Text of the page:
I was working at the circulation desk of the library at the time, fresh in my first semester at CalArts. When I told Kevin I'd never improvised before, he disagreed, saying, "Sure you have. We're improvising right now in our conversation."
Which was how I ended up at the Dizzy Gillespie Recording Studio a few hours later with an alto flute in hand. There was a sheaf of chord sheets on a music stand, while Kevin explained each song with wide expansive gestures as a trumpet player, an upright bassist, and I leaned in.
"And this one--" he pointed at the next sheet. "I'll bring you guys in and then Elaine will take over."
I felt a little jolt at that.
"Yeah, Elaine will take over and then she'll take us to the moon. She's going to go to Saturn and then Jupiter and then bring us all back again."
If you think it all sounds a little crazy, you're not far off. But this absurdity allowed for some trust (which I thought was clearly misplaced at the time) to happen. There was Kevin's (misplaced) trust, but there was also a trust on my part. Trust that he knew what he was doing, and some sort of self-trust that had to happen too.
Although at the time, I only remember thinking that it was a good thing I had been paying such close attention in music theory class. While Kevin was talking, I maintained a very calm demeanor and a thoughtful nod as if this was something I did all the time, skipping over the planets far more nimbly than Holst ever could. I was so experienced at this I always kept a packet of astronaut ice cream in my back pocket.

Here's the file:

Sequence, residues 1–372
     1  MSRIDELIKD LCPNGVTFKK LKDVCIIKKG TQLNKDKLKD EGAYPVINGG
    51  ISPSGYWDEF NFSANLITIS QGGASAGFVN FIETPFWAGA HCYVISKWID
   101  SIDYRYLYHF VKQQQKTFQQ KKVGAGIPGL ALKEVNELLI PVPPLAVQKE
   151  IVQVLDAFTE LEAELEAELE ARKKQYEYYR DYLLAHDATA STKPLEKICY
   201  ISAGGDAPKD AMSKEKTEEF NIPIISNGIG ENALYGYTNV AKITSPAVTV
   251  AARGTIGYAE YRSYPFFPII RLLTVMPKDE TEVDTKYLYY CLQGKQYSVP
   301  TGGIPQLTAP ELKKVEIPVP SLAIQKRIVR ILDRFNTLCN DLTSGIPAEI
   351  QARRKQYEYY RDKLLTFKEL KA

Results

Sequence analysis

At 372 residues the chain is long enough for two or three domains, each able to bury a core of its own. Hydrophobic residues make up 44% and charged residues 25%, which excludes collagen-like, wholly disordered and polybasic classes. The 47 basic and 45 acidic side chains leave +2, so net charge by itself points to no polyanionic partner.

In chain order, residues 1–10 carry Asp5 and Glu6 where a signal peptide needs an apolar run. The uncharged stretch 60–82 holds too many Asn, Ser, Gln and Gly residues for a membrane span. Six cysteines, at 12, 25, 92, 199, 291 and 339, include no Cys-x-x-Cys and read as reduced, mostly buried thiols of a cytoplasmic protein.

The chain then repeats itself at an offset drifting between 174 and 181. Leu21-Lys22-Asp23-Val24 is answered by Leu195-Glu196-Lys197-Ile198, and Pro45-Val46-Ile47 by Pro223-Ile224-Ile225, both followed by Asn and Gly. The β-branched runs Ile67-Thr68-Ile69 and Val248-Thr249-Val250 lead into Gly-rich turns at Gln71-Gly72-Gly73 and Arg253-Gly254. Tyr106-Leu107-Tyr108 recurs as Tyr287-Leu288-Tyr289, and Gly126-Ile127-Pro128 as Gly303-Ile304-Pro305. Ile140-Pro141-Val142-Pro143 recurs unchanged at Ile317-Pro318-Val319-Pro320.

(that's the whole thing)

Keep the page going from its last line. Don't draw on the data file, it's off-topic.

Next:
The whole culture of CalArts is this wonderful, strange trip that needs a lot more time to really understand than I have here. But suffice to say, I came into my own there. One of the best things I learned there was how to say yes. During my time there and when I first moved to Seattle, that was more or less my philosophy. I thought at the time that what I took away from that improvisation session with Kevin was that we need to say yes to open ourselves to situations that wouldn't be possible otherwise.
I've given some thought to the future before on this blog, and although all of that remains true, I've also recently rethought that whole slingshot around Jupiter business.
It's important to say yes in this life, but more than that I want to be someone that trusts people to go to Saturn. I want to create spaces, opportunities, relationships, and moments of trust, if that makes sense. In simpler terms, I want to be able to give more to people. I'd like to be the Kevin part of the relationship, in other words. As I grow older, it's easier to grow more elbows in my way of thinking and to become larger in my own sense of self rather than thinking of others. I believe it was Anne of Green Gables who said most people are pretty set in their characteristic direction once they hit 20 (which was a terrifying thought to me when I first read it). But to allow for growth, to allow for ideas that weren't possible in my life, and to allow for someone to trust me, I think I have to create a space, a thought, and a hand in trust on my end first.
It's a vague assertion, I know. But as I start this new year, both as a 29-year-old and in January, that's what I want to be: someone who's able to give moments that allow people to traverse heavenly bodies.
Because let me tell you, it's something else to be able to skim off Saturn's rings using an alto flute as your rocketship.